Diaudin took his first sip and asked quietly, “Did you suspect him of diabolic worship?”
Vali glanced up, suddenly worried. “No, not at all.” He searched for the right words. “The way he single-mindedly pursued Saint Josephine, even before there was any evidence of her wrong-doing. The way he abandoned the search for Saint Josephine to sleep in his comfortable bed at the inn – even after we’d spent the day retrieving all the information we could at Resita. His repeated reminders that whether she was an oni or not, responsible for the deaths or not, she was fomenting insurrection. It silenced all of us. Eventually no one spoke. Everyone just gave up when he took her in, despite the fact that he attacked her unprovoked. Whether it was because we feared being put to death, or if it was because of a trained docility, or just sheer surprise…no one spoke. And I knew that Aetherton had promised the cursed object to Otepeni. Everything pointed to the fact that he would simply honor his word above my warnings. And if there was even a chance that I was right – that he’d ignore everyone to honor his word – then I could not risk it.”
Diaudin considered all of this, as if he was putting it all into a jigsaw puzzle in his mind – but what the puzzle pictured Vali could only guess. Was it a picture of Aetherton? Of the Lowls and Versex? Of Vali? Or simply the events? “You’ve become considerably more cautious Vali. I think it’s time you and I started the hard work. The crown has need of someone like you – someone willing to disobey, but only when defending against the dark arts.” Then he smiled that ever so slight smile of his. “For now, you might be interested in a man named Everard Maltaigne. He’s a noble in good standing with the crown, who has an extensive private collection of strange objects, and would likely be interested in the dagger you have remaining. It has no power on its own, but you’re right to also secure a safe keeping for that object. We wouldn’t want it to fall into hands that might have other uses for it.”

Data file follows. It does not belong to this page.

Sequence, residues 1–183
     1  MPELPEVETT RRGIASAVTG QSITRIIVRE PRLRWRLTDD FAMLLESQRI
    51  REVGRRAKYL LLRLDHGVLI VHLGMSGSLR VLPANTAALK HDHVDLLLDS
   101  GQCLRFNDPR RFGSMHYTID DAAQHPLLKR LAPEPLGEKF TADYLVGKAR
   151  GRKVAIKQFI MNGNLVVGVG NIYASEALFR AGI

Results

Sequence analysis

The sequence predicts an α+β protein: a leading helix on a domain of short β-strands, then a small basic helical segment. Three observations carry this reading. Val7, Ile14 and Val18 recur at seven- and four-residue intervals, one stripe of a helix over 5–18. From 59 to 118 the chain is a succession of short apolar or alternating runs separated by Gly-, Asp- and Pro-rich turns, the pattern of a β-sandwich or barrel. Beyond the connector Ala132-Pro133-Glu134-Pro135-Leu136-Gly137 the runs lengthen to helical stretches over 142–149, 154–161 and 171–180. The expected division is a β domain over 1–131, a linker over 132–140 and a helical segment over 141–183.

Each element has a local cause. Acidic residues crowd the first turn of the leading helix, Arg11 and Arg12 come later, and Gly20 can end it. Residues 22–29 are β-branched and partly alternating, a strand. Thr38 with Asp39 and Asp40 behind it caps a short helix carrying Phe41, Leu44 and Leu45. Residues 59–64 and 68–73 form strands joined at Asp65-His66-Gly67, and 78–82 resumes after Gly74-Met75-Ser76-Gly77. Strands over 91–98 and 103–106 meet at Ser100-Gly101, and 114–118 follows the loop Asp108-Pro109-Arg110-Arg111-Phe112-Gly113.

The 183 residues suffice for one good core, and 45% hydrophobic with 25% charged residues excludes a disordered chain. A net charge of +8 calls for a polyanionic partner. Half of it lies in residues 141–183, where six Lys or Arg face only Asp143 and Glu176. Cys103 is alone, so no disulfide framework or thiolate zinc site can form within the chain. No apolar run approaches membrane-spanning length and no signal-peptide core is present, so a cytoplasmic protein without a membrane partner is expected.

Before he left, Diaudin assured Vali that he would obtain him compensation for the object – not as much as he would on the black market, but neither of them had any interest in pursuing that option. Vali made a mental note to himself to share the funds equally among his friends. He also knew that doing so would start a conversation, and hopefully re-orient the group toward stronger bonds of trust. They would need it, Vali could see. There would be many things to test that trust in the future.